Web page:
Guava's Equivalence: strategy for equals()/hashCode()


Given a class C, if you want to implement ordering, you have two choices:

  1. Have your class implement Comparable<c> (or Comparable<x>, where X is a superclass of C).
  2. Define a Comparator<c> to use with this class (or a Comparator<x>, where X is a superclass of C).

In fact, many classes in the JDK will have you supply a Comparator if your class does not implement Comparable; examples include Collections.sort() and Arrays.sort().
It can be said that for a given class C, a Comparator defines a strategy for ordering, and that you need to supply a Comparator if the class itself does not define this strategy (that is, does not implement Comparable).
And while the JDK offers a means to provide√ā¬†different strategies for ordering, it does not do so for a more fundamental contract of Object: equals() and hashCode().
And this is where Guava comes in.

Equivalence: a strategy for Object’s `equals()` and `hashCode()`

Guava’s Equivalence intends to fill this gap. In the same vein as a Comparator, using an Equivalence allows you to either define a different equals()/hashCode() strategy than the one already defined by your target class, or to define one for a target class which “has none at all” (meaning, in this case, that the class uses Object‘s equals()/hashCode() implementations).

Usage part 1: implementing an Equivalence

Equivalence is a parameterized class; for a class C, you will need to implement two methods:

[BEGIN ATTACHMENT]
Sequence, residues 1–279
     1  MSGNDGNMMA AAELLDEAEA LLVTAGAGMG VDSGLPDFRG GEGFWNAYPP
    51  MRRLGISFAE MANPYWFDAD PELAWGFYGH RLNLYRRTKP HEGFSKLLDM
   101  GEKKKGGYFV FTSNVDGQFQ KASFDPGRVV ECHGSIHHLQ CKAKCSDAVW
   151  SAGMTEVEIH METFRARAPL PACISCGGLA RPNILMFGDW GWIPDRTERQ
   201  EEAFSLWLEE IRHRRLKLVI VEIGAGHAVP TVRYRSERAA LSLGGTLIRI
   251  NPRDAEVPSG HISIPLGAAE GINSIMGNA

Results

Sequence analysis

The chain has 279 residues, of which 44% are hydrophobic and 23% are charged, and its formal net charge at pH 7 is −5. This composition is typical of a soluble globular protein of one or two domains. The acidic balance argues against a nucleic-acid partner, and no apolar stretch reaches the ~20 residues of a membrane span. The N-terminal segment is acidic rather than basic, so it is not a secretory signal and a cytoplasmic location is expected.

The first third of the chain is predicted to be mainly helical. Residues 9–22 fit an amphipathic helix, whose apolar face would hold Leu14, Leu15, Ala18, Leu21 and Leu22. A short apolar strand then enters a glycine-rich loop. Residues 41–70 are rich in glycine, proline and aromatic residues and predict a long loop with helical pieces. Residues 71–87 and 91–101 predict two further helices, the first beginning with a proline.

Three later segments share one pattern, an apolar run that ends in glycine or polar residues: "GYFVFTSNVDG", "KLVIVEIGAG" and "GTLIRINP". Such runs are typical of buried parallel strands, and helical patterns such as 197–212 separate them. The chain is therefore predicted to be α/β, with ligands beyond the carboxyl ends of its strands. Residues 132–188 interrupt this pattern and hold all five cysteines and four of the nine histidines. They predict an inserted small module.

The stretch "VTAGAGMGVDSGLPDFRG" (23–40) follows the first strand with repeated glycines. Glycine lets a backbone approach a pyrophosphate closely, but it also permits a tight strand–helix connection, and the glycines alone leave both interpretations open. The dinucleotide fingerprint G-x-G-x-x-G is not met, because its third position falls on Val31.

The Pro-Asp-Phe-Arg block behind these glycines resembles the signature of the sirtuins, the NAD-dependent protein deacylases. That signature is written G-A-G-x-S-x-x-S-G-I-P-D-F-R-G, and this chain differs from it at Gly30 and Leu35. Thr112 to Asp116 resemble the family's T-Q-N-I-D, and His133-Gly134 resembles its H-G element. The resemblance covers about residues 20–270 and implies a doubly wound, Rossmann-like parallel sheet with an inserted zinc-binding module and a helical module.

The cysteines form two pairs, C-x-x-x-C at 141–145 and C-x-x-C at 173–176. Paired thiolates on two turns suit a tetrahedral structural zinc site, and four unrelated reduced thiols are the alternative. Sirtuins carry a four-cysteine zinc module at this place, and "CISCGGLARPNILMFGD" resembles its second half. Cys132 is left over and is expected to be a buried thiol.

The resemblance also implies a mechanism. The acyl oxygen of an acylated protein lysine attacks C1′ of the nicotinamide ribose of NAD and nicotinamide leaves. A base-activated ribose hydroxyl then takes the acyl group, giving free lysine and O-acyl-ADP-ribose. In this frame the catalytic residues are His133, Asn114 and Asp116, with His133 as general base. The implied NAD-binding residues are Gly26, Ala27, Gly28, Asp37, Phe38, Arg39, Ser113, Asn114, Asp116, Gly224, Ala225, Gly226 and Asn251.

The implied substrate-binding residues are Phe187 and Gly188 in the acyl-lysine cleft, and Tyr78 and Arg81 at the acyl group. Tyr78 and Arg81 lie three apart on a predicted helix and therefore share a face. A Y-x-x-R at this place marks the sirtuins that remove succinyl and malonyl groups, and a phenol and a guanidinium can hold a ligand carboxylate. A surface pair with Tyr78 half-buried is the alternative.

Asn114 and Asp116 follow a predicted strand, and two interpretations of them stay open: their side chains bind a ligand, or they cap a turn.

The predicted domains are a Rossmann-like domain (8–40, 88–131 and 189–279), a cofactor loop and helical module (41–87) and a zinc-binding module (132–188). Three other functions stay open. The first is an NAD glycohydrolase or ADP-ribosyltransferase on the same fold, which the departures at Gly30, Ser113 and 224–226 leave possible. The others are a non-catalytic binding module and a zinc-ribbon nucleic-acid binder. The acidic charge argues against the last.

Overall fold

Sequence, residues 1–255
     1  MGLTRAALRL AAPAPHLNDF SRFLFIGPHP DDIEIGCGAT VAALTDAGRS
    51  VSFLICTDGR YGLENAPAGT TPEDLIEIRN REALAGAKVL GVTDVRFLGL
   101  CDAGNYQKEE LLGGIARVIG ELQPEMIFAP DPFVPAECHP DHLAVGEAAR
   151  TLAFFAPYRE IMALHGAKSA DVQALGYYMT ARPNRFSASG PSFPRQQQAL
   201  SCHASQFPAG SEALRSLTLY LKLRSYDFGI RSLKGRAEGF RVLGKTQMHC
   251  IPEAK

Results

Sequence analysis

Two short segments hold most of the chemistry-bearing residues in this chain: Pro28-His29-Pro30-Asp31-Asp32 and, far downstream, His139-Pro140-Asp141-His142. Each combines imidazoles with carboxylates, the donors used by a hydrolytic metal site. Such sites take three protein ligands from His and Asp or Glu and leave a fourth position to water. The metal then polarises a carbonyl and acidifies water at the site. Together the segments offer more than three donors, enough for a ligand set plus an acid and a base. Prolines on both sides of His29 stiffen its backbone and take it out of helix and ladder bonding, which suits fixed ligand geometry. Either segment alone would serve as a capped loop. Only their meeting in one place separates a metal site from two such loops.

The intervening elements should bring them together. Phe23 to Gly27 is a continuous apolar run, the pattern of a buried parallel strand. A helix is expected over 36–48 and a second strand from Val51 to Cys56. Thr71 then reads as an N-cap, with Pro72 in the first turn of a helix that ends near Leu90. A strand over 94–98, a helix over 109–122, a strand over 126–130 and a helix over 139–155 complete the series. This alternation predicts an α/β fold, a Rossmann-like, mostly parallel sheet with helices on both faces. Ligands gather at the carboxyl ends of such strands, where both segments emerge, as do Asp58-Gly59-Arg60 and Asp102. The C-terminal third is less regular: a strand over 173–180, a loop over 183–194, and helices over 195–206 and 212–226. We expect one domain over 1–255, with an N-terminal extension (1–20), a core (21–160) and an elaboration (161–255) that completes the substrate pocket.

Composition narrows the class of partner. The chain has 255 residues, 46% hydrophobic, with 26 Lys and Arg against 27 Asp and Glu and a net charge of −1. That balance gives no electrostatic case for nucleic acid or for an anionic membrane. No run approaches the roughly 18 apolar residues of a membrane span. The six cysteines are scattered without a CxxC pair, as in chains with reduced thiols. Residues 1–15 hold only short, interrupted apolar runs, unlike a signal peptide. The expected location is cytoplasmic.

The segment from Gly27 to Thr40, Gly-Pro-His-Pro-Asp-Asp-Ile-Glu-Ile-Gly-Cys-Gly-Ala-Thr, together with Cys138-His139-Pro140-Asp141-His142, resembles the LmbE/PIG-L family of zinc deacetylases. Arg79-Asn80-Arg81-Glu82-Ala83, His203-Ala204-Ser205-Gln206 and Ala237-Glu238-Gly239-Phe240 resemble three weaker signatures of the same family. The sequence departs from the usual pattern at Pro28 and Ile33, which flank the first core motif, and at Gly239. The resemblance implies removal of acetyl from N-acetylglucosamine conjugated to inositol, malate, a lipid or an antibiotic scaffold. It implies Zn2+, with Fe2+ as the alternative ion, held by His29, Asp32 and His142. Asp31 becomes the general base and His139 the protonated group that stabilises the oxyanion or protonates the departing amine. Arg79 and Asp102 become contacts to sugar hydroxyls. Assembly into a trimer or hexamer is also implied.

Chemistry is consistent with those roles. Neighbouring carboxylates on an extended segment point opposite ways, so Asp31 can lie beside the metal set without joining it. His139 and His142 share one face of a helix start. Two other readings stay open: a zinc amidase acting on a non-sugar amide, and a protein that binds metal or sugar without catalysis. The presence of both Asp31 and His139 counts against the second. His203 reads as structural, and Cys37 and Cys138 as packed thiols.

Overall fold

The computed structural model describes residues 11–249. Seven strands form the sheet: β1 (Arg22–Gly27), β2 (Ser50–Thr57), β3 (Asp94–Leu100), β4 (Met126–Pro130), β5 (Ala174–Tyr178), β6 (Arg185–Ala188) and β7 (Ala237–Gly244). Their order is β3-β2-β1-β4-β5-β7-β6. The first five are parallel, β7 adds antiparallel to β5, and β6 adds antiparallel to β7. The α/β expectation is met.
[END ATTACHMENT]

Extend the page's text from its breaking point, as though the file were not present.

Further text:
• doEquivalent(C a, C b): given two instances a and b of class C, are those two classes considered equivalent? This is really like writing an implementation of equals() for class C, except that you don’t have to handle nulls (it is guaranteed that both parameters are non-null) nor casts (it is guaranteed that both arguments are “at least” of type C).
  • doHash(C t): given an instance t of class C, compute a hash value. Of course, an implementation must mirror Object‘s hashCode()/equals() contract: if doEquivalent(a, b) is true, then doHash(a) == doHash(b).

Note that it is guaranteed that arguments to these methods will never be null.

Usage part 2: “out of Collections” usage

There is really only one method you will need here: .equivalent(). Provided you want to test equivalence between two instances of a given class C, you will do:

final C a = ...;
final C b = ...;
final Equivalence<C> eq = ...;
// Test equivalence of a and b against equivalence stragey eq
if (eq.equivalent(a, b)) {
    // Yup, they are

Usage part 3: Collection usage

Unlike the Comparable/Comparator relationship, equivalence between objects has to be “engraved” into collections. This unfortunately means that the syntax to initiate a collection is somewhat on the verbose side. Namely, if you want to initiate a Set of elements of class C wrapped into an Equivalence, you will have to initialize it as such:

// Java 7 and better...
Set<Equivalence.Wrapper<C>> set = new HashSet<>();
// Java 5 or 6; and since we use Guava...
Set<Equivalence.Wrapper<C>> set = Sets.newHashSet();

You will also need to rely on an Equivalence implementation in order to interact with this collection (of course, you also need to ensure that you use the same implementation all along!):

// Your Equivalence...
Equivalence<C> eq = ...;
// Inserting an element c into a Set<Equivalence.Wrapper<C>> set
// Removing, testing...
// Retrieve the original element
C element;
for (final Equivalence.Wrapper<C> wrapped: set) {
    // get the original element
    element = wrapped.get();
    // do something with element


Admittedly, having to redefine an equivalence strategy is far less common than having to redefine an ordering strategy. It is, however, a welcome tool to use when you have to deal with a “foreign” class which doesn’t meet your equals()/hashCode() expectations, either because there is no implementation at all for this class, or because the existing implementations don’t suit your needs.
Happy coding!